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New Poetry, Fiction, Essay

Poetry from Susan McLeod , Michael McAndrew, Tawnya Renelle, David Cameron, Peter Clive and Finn McLysaght

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Poetry from Susan McLeod , Michael McAndrew, Tawnya Renelle, David Cameron, Peter Clive and Finn McLysaght

 

Susan McLeod was born in Scotland and has worked in the pharmaceutical industry for over 20 years. She completed her first novel, The Brazen Calyx, as part of her Creative Writing MA studies at Manchester Metropolitan University and is working on her second. The eagle-eyed will note that the novel title is taken from a MacNeice poem, indicated her poetic loves. Susan also enjoys writing short fiction and has had a short story published in Crooked Holster (Volume 3) and two winning entries to Liars’ League London (September 17 and April 18). Susan lives in Macclesfield with her husband, daughter and three black cats.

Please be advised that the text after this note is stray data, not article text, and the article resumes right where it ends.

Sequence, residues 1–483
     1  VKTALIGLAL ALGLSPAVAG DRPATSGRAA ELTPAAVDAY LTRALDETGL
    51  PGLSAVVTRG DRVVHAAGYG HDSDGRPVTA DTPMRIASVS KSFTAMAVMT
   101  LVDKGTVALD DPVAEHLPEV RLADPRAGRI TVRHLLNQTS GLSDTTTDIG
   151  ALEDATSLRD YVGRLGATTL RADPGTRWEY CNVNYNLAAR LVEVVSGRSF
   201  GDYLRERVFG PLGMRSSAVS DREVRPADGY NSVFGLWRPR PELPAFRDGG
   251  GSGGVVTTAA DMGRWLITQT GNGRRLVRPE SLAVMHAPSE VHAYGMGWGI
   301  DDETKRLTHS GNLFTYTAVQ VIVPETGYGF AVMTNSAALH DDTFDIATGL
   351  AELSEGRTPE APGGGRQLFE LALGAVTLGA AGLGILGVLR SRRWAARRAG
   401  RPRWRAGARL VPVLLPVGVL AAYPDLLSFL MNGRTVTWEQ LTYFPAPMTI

Smoke and Mirrors

Just a dry cough.
No pain, no fever, no air gasps,
Nothing tangible and the waiting room
Is full of stoop-shouldered people.
Am I wasting your time?
If it wasn’t for the tiredness,
The mud-shodding torpor,
I took the lift to the surgery
And felt old.
Do I malinger?

Just a dry cough.
The GP types tittle-tattle and smiles.
We’ll send you for tests.
For I am of an age, apparently,
Risk factors, you know.
No, I don’t know.
No drink, no smokes, not an
Inch hangs the wrong way from my bones.
Biltong-lean and just as tough,
I almost believe my own bravado.
Almost.
I dream of the white plague.
At school, the six-needles stood proud
And spared me shoulder jabs.
How reliable was that?

Lovely veins, the nurse coos and
Slides the needle home.
The pink plastic cannula rides
The ebb and flow of my circulation,
A foundering craft.
Saw the lady in half, an old vaudeville act,
But modernized.
The nuclear age makes illusion reality,
I am cut into a million slices
And feel nothing.

A hard, bright room.
The consultant is grey of suit, voice, soul.